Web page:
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giffgaff – Service Status

For giffgaff I produced their first version of the giffgaff service status service. This grew out from the “Ideas Board” where people wanted an easy way to see if the service was having issues currently or not.

At the time giffgaff were having a few technical issues which had impacted myself, so I offered to help out and build a status page in MySQL and PHP. This was before cloud solutions such as StatusPage.io were an option.

This system was mostly used from the forum which could only be configured to pull in external images, so an iframe was not possible for this system. The images were generated on demand if a cached version was not already available. This allowed quick changes to configuration and the number of services available. The colours of the images changed to reflect if an active service issue was created against that service.

he Service Updates Forum at the time the widget was used. On the right hand side you can see the images which have been pulled in from the system indicating there is good service at the moment.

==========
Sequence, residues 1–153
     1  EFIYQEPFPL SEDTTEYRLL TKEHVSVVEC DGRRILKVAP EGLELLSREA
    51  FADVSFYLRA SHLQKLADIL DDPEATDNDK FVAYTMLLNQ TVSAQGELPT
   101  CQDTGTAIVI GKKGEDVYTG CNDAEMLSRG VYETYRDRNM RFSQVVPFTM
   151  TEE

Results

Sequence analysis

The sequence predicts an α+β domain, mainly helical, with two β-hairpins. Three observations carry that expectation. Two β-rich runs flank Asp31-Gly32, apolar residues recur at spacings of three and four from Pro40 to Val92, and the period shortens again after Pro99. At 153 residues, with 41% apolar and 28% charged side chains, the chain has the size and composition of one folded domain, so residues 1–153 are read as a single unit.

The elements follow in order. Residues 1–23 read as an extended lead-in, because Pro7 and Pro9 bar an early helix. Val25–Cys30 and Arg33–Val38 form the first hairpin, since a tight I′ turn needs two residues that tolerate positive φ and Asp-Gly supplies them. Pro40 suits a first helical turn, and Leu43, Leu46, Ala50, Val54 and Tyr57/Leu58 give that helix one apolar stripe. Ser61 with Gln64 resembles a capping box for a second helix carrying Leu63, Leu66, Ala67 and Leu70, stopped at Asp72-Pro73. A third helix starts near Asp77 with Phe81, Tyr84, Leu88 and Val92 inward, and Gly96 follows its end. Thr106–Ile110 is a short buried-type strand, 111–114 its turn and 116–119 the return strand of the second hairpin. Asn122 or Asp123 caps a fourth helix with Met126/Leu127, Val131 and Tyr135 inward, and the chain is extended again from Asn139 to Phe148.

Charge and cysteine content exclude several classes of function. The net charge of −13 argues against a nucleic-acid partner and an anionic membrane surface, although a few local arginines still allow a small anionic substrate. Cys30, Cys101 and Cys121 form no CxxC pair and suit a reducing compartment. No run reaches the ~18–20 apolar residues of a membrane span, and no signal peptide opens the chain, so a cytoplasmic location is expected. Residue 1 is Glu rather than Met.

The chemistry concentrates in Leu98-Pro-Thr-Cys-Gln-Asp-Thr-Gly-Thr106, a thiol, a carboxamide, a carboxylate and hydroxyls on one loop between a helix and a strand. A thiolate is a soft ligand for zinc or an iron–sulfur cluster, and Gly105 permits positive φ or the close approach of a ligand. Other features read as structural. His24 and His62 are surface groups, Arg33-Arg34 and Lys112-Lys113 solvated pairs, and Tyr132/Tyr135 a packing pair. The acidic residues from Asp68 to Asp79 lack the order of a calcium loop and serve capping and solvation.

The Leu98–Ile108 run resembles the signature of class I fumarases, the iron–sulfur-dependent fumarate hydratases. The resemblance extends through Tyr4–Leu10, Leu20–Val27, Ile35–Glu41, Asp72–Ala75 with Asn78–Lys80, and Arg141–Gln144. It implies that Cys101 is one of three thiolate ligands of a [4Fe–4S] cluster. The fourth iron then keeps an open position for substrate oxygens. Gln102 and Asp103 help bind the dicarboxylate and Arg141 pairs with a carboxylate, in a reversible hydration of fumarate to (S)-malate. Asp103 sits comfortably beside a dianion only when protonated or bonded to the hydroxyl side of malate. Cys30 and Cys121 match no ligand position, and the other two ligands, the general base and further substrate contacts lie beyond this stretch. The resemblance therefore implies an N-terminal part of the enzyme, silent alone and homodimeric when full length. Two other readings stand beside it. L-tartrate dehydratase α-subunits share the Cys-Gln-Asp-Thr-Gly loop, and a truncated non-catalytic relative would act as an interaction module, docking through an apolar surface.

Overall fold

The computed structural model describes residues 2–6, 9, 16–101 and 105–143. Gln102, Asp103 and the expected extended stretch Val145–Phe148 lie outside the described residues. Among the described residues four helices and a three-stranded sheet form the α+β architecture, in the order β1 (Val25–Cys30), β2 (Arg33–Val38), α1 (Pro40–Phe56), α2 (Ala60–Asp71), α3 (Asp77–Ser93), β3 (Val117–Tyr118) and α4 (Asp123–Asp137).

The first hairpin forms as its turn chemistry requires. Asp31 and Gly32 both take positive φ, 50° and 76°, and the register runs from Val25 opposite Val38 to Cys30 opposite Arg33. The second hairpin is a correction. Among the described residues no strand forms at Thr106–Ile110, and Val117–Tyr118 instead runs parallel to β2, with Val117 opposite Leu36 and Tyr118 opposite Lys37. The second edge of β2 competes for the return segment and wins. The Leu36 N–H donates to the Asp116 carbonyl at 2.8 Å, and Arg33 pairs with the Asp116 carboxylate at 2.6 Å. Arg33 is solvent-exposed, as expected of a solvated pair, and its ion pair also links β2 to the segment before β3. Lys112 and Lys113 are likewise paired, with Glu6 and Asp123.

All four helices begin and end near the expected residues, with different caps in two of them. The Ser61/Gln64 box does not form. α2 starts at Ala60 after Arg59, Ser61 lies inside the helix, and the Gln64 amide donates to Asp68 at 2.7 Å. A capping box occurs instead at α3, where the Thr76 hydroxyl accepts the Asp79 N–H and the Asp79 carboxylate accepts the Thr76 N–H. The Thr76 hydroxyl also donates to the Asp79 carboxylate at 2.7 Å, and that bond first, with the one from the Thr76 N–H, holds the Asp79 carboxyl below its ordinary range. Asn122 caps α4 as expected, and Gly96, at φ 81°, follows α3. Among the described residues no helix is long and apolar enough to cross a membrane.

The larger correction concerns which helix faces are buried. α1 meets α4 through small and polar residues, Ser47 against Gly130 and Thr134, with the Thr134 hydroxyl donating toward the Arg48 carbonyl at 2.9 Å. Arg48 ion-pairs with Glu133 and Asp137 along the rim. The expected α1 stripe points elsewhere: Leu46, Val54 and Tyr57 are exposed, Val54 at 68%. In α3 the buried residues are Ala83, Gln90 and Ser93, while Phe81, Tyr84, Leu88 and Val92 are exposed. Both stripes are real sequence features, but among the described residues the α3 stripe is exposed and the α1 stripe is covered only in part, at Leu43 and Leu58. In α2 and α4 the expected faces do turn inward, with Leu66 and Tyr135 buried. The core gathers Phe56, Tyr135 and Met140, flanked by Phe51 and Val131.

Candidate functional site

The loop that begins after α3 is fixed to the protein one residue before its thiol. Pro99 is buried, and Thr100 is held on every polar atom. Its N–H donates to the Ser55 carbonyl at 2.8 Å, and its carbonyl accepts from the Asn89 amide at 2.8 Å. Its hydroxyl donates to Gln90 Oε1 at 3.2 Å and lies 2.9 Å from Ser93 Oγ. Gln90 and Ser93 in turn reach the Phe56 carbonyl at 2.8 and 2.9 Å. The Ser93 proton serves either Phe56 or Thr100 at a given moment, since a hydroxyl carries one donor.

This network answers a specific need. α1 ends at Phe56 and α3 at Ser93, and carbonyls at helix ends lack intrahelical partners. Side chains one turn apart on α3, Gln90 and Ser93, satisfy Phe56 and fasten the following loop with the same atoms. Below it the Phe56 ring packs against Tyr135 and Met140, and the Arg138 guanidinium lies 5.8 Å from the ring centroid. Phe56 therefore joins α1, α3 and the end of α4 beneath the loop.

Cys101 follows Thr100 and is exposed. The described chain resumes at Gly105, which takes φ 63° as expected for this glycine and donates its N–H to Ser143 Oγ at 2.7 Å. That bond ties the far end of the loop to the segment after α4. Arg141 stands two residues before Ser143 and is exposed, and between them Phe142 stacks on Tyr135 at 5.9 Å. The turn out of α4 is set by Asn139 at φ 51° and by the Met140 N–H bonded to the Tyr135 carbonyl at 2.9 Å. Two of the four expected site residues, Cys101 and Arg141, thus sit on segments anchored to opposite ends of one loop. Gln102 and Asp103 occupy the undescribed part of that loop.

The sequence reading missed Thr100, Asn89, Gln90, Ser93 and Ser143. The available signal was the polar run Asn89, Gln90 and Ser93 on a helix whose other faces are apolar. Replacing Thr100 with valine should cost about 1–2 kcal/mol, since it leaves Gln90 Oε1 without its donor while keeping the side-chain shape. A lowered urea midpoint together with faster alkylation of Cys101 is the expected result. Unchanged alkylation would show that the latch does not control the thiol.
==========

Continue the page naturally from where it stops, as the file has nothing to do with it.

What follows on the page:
The system included an issue page which included a similar version of the status icons including a in-depth view of any issues including a latest update on the issue. This would allow members to quickly and easily find out what was going on instead of trawling through a long service update thread and staff having to constantly update a single message on a thread.

The main HTML status page showing some example issues affecting Calls, Texts and Data (which are what I considered to be the 3 main essential services).

The user interface was designed to be incredibly simple using basic HTML elements and a small amount of CSS used to create cards, as being the popular UI trend at the time (with Google Assistant recently taking popularity).

Authentication to the system was with a basic username and password as integration with the central giffgaff login system was not possible although this would have improved the system.

The adminstration screen showing the various options available.

The system proved to be useful, although was discontinued when a more professional solution took it’s place from their main network (O2) which also allowed the display of localized issues and other features.


Post published 01 Jan 2013

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